NORWALK, Conn., June 5 (UPI) -- The jury deliberating the fate of Kennedy cousin Michael Skakel wound up a second day of deliberations Wednesday without reaching a verdict as to his guilt or innocence in the 1975 slaying of neighbor Martha Moxley, and will resume deliberations on Thursday.
The jury of six men and six women deliberated for about six hours on Tuesday.
Skakel, 41, is charged with first-degree murder in the beating death of Moxley on Oct. 30, 1975, when they were 15-year-old neighbors in Greenwich, Conn.
The jurors are reviewing the testimony of 51 witnesses and more than 100 exhibits presented over 16 days.
On Wednesday they asked to have the testimony of six prosecution witnesses read to them, including that of Skakel's older sister Julie and her friend, Andrea Shakespeare Renna. They had testified regarding the time line when Skakel claimed to have been elsewhere at the time Moxley is believed to have been killed.
Skakel's older brother, Tom Skakel, showed up at the courthouse Wednesday for the first time to show support for his brother. He said he did not come earlier because he did not want to become a distraction.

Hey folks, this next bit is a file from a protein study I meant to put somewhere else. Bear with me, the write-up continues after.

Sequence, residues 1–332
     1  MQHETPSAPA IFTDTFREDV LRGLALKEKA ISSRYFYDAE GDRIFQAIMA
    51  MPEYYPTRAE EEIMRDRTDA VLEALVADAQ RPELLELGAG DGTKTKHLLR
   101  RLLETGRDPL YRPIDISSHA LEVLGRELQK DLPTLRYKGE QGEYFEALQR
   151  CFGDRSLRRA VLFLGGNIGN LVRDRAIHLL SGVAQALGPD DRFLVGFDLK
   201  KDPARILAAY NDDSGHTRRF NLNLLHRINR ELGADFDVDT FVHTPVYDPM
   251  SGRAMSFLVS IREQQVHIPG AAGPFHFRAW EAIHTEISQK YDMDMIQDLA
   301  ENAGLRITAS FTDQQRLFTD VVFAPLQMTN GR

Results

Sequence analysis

Tom Skakel, at one point early in the investigation eyed as a possible suspect in the crime, did not testify at the trial. In the courtroom, he gave his brother a hug.
Skakel, Ethel Kennedy's nephew, faced a sentence of from 10 years to life if the jury finds him guilty beyond a reasonable doubt. If convicted, he will immediately be taken into custody.
Skakel did not appear nervous Tuesday during deliberations, and actually helped to calm down his attorney, Michael Sherman.
"It's OK," he whispered to Sherman after the judge sent the jurors home for the evening. "Don't worry about it."
Sherman said Skakel "spent most of his time...consoling me because I'm so nervous."
"How's Michael coping?" Sherman was asked.
"A lot better than I am," Sherman replied.
State's Attorney Jonathan Benedict appeared upbeat.
"The fact that the jury is still deliberating means they certainly haven't rejected our case," Benedict said. "The longer they think on the case, the better off we think we are."
Dorthy Moxley, the victim's mother, said outside the courthouse that she was prepared for whatever verdict is rendered.
"I will accept it, no matter what," she said.